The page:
“From now on, I propose we follow the newer guidelines,” said CIC official Helene Girard in the email. “This may generate some complaints from clients and consultants when they will realize we have changed our approach. It will also increase the risk of litigation.”
Immigrant advocates are concerned over the lack of willingness to address the error, which resulted in unequal treatment of applicants, depending on the luck of when they applied. Furthermore, the lack of transparency raises concerns that these types of errors might be commonplace across processing centers.
CIC has not publicly responded to the issue since it was brought to light this month, but observers guess that confusion likely occurred at the Warsaw office when files and officers were transferred from the office in Damascus, which had been closed due to the ongoing conflict in Syria.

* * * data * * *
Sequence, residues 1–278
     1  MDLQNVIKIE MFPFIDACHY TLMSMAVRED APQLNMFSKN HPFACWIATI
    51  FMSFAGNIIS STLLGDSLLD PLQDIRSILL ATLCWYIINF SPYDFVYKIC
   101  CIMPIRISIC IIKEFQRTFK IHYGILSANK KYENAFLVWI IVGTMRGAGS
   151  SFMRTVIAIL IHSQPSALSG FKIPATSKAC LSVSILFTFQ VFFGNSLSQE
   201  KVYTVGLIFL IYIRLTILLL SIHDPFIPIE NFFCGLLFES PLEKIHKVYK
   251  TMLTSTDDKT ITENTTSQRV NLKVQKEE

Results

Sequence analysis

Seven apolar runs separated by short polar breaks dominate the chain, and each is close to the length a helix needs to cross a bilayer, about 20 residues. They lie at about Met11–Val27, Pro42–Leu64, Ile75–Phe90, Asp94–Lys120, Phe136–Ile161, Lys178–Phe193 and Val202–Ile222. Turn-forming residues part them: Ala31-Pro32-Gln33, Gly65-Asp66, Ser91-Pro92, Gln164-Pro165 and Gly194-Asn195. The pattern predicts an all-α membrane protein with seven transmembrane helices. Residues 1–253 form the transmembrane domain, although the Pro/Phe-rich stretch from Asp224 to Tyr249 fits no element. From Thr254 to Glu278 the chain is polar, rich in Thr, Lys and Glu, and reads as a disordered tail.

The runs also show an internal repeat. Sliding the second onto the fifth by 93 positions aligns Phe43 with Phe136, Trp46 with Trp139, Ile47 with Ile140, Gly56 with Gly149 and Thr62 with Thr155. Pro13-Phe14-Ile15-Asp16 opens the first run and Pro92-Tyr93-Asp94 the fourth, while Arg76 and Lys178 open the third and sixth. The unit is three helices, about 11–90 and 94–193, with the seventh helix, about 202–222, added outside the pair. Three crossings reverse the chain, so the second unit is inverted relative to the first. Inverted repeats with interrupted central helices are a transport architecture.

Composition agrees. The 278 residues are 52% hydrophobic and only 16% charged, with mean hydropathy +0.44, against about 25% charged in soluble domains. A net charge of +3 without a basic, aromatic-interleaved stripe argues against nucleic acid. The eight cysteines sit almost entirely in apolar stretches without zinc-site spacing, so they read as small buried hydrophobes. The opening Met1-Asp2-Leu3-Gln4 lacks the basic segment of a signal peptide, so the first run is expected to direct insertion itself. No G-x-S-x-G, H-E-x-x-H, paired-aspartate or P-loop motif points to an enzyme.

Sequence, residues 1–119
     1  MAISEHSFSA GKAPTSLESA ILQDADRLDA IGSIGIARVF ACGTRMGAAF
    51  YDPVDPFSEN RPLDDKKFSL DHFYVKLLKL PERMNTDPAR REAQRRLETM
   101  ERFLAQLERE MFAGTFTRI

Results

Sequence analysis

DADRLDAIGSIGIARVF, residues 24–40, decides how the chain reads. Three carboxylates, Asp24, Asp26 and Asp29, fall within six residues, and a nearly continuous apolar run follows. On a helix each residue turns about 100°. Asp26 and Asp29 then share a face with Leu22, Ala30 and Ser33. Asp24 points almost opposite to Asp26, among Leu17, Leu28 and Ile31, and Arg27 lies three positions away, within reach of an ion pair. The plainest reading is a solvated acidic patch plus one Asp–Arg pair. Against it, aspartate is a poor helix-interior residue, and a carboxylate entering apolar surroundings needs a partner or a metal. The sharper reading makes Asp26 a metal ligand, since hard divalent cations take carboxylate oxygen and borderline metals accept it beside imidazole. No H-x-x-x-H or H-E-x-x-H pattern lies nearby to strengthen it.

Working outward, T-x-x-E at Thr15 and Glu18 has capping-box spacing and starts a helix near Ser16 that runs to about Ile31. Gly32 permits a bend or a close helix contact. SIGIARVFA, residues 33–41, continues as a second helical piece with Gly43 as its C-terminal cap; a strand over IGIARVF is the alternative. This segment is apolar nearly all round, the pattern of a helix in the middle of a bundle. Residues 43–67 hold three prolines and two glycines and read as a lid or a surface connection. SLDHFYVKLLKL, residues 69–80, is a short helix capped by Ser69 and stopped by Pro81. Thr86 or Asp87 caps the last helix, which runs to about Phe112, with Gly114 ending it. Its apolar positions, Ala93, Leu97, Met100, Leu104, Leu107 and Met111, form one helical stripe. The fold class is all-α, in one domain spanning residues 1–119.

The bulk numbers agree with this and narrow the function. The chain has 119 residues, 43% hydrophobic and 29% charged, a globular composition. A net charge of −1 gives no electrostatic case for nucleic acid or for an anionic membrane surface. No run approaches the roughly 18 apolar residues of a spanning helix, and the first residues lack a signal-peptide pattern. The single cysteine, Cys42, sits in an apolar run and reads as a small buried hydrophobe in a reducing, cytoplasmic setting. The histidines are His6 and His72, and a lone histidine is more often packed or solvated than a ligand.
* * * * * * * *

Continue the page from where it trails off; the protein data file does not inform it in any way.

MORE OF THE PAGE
Source: Regina Leader-Post
Critics are expressing concern that recent changes to Canada’s parent and grandparent sponsorship programs will not be enough to offset the financial costs of welcoming aging immigrants.
As of 2014, the government will reopen the popular sponsorship immigration stream, which had been suspended after a 160,000 application backlog had increased waiting times to as high as eight years in some instances.
The government has introduced new regulations to streamline the process and ensure that the backlog does not build back up again. One change has been to raise the financial responsibility of those who are sponsoring loved ones.
However, some critics are now expressing concern over whether those new responsibilities will offset the actual costs of providing health and social services to aging relatives. Some experts estimate that an aging immigrant can cost up to $300,000 in services after their arrival in Canada.
The government has already introduced quotas in an attempt to keep costs down, but most policymakers are hesitant to come forward too strongly against sponsorship of the elderly, which would risk alienating a large segment of the ethnic minority vote.